An entirely new genus(!) of fish has just been described from the mesophotic reefs of Indonesia, and, even more exciting, it becomes just the second genus to join the slopefish family. Cymatognathus aureolateralis, the Wavy Jaw Slopefish, is a stunning pink and yellow species which was discovered by chance at a local fish market in Northern Sulawesi, where it had been collected as bycatch. Our only glimpse at this fish in life comes courtesy of a single, tantalizing image captured at a depth of 200 meters as part of a coelacanth survey.
Slopefishes (Symphasanodontidae) are little known within the aquarium world, owing to their preference for relatively deep mesophotic reefs. And, until now, just a dozen species were known, all belonging to the genus Symphysanodon. This group is easily confused with Pseudanthias and some of its relatives, as both tend to share a fairly similar body shape and color palette. However, the two groups are considered to be rather distantly related and differ in several skeletal characteristics. Slopefishes are also behaviorally distinct, as they are typically solitary rather than haremic.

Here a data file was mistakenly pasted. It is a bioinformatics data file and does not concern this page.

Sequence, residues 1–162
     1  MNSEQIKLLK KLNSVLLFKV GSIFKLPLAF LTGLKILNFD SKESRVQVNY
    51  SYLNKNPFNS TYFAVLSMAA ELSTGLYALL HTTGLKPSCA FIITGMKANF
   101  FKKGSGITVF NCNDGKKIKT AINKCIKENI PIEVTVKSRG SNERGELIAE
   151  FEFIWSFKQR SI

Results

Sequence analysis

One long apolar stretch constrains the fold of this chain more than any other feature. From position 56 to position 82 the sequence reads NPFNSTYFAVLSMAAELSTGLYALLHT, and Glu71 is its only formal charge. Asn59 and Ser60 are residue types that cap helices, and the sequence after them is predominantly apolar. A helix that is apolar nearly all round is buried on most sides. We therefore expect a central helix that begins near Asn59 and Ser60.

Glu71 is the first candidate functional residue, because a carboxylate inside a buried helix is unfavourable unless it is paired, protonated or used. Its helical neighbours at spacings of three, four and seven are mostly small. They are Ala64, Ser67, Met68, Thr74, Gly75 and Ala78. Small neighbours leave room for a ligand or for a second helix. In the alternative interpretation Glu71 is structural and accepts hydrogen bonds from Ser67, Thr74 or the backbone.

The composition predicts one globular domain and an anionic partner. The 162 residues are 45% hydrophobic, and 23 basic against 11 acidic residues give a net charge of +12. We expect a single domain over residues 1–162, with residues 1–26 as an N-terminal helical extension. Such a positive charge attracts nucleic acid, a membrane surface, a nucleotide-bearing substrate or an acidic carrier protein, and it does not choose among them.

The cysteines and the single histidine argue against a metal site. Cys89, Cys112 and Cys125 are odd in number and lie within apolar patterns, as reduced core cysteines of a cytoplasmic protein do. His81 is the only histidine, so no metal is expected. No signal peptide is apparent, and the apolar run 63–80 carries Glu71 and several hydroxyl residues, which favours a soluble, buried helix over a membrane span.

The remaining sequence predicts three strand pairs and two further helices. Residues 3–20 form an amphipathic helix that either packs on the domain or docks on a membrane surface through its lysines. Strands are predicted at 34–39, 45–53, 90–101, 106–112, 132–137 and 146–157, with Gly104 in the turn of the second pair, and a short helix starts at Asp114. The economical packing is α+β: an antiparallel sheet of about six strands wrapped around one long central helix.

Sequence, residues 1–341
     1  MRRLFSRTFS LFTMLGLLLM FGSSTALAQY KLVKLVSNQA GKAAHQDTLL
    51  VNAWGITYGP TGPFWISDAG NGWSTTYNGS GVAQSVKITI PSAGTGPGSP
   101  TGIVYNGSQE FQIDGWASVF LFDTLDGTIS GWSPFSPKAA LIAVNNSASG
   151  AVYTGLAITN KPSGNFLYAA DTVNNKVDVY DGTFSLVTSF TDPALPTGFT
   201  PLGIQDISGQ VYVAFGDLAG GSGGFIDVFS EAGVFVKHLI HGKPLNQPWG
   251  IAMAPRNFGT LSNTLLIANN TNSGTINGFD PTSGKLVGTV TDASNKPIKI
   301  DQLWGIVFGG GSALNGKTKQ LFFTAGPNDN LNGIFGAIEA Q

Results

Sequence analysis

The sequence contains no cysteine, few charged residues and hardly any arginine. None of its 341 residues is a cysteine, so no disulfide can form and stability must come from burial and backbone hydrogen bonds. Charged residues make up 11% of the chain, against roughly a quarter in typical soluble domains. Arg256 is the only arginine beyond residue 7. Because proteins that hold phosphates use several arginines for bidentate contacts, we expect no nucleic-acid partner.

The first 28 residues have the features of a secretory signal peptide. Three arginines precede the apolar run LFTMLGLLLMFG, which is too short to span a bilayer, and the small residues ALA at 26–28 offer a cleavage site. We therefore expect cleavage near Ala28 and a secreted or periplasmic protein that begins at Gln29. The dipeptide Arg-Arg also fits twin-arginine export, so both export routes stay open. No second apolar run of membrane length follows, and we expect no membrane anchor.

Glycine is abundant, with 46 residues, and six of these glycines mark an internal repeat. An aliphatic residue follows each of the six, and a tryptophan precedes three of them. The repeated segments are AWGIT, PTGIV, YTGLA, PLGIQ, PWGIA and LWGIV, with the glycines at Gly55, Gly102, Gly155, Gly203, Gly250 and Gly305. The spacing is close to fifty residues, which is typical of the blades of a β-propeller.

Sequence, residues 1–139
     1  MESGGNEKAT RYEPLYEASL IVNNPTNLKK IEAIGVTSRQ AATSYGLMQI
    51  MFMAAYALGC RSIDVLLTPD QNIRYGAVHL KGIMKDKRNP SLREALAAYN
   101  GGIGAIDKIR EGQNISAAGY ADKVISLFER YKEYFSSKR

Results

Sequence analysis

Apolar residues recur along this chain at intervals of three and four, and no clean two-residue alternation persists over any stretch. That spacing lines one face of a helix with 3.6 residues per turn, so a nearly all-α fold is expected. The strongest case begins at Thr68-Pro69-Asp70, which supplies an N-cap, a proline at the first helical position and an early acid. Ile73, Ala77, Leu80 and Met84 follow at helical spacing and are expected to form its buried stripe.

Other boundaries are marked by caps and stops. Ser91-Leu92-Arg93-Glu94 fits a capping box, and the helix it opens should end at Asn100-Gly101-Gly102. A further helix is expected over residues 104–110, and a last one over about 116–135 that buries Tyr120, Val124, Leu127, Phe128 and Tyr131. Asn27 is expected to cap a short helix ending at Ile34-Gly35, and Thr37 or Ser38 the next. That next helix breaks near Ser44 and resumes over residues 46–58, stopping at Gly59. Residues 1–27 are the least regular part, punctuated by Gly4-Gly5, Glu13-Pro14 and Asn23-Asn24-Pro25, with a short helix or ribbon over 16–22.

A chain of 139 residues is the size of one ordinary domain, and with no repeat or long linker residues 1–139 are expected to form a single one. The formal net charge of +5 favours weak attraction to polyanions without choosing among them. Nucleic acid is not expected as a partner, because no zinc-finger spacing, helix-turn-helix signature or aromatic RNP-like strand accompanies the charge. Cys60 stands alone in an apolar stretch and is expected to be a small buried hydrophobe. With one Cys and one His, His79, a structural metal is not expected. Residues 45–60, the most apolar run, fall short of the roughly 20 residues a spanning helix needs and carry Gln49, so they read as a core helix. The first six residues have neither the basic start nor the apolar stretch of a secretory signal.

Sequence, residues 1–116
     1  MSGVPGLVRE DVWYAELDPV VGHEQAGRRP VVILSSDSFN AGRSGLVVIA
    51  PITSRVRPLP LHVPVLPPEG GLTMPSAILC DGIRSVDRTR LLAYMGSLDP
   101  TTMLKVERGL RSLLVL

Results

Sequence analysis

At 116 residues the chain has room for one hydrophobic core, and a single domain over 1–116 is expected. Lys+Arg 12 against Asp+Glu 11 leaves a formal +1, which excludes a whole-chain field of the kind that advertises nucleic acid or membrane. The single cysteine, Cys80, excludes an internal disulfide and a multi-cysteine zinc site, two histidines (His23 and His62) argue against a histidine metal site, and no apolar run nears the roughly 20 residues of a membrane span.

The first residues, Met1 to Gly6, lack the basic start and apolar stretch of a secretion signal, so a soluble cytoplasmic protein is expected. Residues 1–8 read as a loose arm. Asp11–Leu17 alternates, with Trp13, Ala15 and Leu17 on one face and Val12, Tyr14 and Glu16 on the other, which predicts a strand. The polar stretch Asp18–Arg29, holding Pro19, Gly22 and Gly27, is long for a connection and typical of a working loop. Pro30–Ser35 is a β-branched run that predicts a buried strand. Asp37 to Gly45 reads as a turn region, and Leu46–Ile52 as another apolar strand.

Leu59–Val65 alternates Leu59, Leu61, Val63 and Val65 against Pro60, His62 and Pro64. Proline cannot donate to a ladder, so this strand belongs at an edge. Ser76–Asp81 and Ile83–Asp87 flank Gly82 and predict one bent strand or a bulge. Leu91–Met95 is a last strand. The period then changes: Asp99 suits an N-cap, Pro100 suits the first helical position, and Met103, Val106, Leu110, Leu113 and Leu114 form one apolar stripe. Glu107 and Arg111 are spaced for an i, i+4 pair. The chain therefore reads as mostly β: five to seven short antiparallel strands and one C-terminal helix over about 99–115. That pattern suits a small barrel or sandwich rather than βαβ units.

The differences which serve to separate Cymatognathus from its slopefish brethren are fairly subtle and relate to minutia of the teeth, nostrils and (as alluded to in the common name) the jaw shape. No, these are not terribly exciting differences, but they are apparently of evolutionary significance in this family. More obvious to the casual observer is the greater relative body depth in comparison to most Symphysanodon. Rather than the delicate, gracile build of that genus, Cymatognathus is more of a hulking brute whose proportions bring to mind some of the more portly constructed anthiadines, such as Odontanthias.
With just three specimens known, there’s much we have yet to learn about this exciting new species. For instance, what is the significance of its unique wavy jaw shape and bulky frame… how widespread is C. aureolateralis in the Indo-Pacific… how deep does it occur… and why have we only just now found it? How does a fish this colorful escape notice for so long?
- Kimura, S., Johnson, G. D., Peristiwady, T. and K. Matsuura. 2017. A new genus and species of the family Symphysanodontidae, Cymatognathus aureolateralis (Actinopterygii: Perciformes) from Indonesia. Zootaxa 4277 (1): 051–066. http://dx.doi.org/10.11646/zootaxa.4277.1.4